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In re Pohrman

Court of Appeals of Oregon

June 24, 2015

In the Matter of the Compensation of Diane Pohrman, Claimant. U.S. BANK, Petitioner,
Diane POHRMAN, Respondent

Argued and Submitted March 14, 2014

Resubmitted En Banc May 6, 2015

Page 723

1101308. Workers' Compensation Board.

Reversed and remanded.

Jerald P. Keene argued the cause and filed the briefs for petitioner.

Julene M. Quinn argued the cause for respondent. With her on the brief was Kryger Alexander Carlson PC.

Before Haselton, Chief Judge, and Armstrong, Ortega, Sercombe, Duncan, Nakamoto, Hadlock, Egan, DeVore, Lagesen, Tookey, Garrett, and Flynn, Judges.


Page 724

[272 Or.App. 32] En Banc


Employer, U.S. Bank, denied claimant's workers' compensation claim. The administrative law judge (ALJ) upheld that denial. The Workers' Compensation Board (the board) reversed, determining that claimant's activity was " a regular incident of her employment, and was not the type of 'social' activity that the legislature intended to exclude from a compensable injury," and further concluding that the injury arose out of and in the course and scope of employment. In its petition for judicial review of the board's order, employer contends that the board erred in concluding that claimant's injuries satisfied the elements of compensability under ORS 656.005(7)(a) and (7)(b)(B).[1] We agree with the board that claimant was not engaged in a recreational or social activity. However, as we explain below, we reverse and remand to the board for a determination of the applicability of the personal comfort doctrine and the going and coming rule under a proper understanding of those doctrines.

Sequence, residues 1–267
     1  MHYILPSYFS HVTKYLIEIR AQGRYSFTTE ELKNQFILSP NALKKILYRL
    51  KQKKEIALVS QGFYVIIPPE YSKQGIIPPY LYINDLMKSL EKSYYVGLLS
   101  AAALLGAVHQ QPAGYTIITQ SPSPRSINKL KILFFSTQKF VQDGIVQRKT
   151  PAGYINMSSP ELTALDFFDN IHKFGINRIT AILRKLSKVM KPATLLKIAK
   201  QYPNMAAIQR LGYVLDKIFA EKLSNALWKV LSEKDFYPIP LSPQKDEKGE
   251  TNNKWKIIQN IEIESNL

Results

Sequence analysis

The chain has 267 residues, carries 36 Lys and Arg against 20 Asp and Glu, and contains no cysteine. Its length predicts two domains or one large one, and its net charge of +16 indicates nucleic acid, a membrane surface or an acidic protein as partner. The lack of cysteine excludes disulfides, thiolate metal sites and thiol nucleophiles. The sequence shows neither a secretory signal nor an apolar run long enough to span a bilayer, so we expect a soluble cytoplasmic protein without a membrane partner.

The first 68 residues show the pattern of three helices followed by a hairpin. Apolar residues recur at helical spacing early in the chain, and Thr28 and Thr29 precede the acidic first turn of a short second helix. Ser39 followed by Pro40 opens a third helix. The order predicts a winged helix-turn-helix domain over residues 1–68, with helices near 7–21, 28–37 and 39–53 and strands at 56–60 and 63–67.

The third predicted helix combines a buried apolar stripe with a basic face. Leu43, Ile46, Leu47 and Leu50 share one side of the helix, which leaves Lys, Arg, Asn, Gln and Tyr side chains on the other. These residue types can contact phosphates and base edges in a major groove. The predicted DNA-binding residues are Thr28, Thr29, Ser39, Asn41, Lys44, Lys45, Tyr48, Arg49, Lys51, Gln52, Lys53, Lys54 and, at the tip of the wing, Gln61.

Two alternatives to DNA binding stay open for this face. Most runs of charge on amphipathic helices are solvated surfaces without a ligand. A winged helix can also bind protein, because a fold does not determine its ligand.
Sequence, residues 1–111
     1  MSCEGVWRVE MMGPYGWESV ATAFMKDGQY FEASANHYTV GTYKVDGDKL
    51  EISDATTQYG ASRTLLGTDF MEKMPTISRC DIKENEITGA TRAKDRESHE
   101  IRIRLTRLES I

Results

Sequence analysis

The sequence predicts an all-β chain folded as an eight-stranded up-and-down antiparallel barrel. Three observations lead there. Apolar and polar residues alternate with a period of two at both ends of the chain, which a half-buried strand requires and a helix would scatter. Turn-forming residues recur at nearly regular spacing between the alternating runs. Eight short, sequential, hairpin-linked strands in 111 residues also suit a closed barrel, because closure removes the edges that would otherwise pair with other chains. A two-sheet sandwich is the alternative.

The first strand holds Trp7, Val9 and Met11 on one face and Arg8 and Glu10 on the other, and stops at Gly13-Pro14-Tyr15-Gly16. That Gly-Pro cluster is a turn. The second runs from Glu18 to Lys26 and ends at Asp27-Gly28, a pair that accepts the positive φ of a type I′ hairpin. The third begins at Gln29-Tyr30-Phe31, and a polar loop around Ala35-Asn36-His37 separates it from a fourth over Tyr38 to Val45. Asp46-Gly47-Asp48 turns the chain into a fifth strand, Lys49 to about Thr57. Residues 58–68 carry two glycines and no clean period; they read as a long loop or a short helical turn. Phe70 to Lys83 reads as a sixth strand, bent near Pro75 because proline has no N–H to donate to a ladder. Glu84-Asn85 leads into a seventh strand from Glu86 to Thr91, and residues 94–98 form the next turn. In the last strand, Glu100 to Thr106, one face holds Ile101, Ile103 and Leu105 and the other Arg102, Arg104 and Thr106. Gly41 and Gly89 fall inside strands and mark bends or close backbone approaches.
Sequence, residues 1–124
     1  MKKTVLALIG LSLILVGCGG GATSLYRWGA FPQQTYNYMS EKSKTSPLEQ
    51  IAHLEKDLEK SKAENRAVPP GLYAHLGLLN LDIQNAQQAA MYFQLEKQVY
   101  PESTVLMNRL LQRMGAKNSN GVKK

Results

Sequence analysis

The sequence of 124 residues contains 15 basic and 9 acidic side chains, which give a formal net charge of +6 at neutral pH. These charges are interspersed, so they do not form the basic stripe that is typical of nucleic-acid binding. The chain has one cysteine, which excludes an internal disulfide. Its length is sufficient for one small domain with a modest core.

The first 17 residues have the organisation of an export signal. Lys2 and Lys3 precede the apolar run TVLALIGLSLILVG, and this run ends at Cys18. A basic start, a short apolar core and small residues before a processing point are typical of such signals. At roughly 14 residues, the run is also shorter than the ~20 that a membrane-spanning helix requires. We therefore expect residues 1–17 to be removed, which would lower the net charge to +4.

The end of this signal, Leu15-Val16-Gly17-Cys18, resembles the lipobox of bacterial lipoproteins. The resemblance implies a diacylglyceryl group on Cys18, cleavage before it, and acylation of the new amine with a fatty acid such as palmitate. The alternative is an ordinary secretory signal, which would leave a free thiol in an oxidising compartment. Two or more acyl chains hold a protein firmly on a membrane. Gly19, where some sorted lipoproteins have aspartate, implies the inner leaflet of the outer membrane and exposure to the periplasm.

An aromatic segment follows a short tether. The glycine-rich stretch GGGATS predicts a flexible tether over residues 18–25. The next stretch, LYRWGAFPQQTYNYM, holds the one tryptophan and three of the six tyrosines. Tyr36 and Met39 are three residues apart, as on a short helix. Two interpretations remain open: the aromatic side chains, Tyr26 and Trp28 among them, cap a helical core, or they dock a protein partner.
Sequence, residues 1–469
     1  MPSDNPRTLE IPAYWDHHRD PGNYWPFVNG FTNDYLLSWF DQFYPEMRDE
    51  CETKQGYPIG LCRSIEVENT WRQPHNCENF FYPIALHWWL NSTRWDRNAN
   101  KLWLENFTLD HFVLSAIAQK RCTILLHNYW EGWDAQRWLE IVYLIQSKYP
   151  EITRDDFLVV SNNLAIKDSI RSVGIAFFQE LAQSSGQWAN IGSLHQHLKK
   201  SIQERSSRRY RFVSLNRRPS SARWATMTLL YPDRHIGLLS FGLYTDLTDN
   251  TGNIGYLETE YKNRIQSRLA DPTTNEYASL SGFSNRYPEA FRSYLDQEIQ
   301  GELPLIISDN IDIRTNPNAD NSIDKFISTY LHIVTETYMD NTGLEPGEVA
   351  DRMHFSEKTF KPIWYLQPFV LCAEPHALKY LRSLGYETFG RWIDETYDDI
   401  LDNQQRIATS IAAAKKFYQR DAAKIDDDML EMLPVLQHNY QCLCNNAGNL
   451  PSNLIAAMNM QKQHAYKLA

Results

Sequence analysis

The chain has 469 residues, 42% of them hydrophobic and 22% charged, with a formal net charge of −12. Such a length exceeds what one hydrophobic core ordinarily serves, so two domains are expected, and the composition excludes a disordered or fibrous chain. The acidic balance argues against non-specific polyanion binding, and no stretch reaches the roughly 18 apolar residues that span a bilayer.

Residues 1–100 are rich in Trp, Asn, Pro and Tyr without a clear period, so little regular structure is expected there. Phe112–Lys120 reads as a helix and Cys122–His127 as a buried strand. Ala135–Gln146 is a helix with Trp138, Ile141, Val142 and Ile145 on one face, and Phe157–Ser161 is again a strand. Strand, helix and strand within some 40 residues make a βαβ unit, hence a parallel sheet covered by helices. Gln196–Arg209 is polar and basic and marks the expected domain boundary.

We review the board's findings of fact relating to whether claimant engaged in recreational or social activity primarily for the worker's personal pleasure for substantial evidence; that is, we determine whether the record, viewed as a whole, would permit a reasonable person to make the factual findings that the board made. ORS 656.298(7); ORS 183.482(7); ORS 183.482(8)(c). If the board's findings are supported by substantial evidence, we do not substitute our judgment for that of the board as to any issue of fact. ORS 183.482(7).

With those standards in mind, we take the facts from the board majority's findings, which the parties do not challenge. Claimant worked as a customer service assistant in employer's wealth-management department, assisting " banking officers" with their clients' business. Claimant was paid hourly and, as part of her regular work day, she took two mandatory, paid 15-minute breaks, and a one-hour lunch break. Employer encouraged and often reminded claimant to take her breaks. She would coordinate her break times with two other assistants so that one of them was always present in the office.

[272 Or.App. 33] Claimant worked on the sixth floor of the Tower building. The Tower building shares a lobby with the Plaza building. Employer has a nonexclusive right to use the lobby. Employer's rental payment includes a pro rata share of operating costs, which are expenses paid by the landlord for maintaining, operating, and repairing the building (including the cost of supplies and janitorial and cleaning services). The lease also provides employer with a " self-help" provision, giving it the right to set off portions of its rental payment should the landlord fail to perform its maintenance obligations, and contains a waiver by employer to all claims against the landlord for any personal injuries caused by negligent or willful acts by employer or any employee, in or near the Tower or Plaza buildings.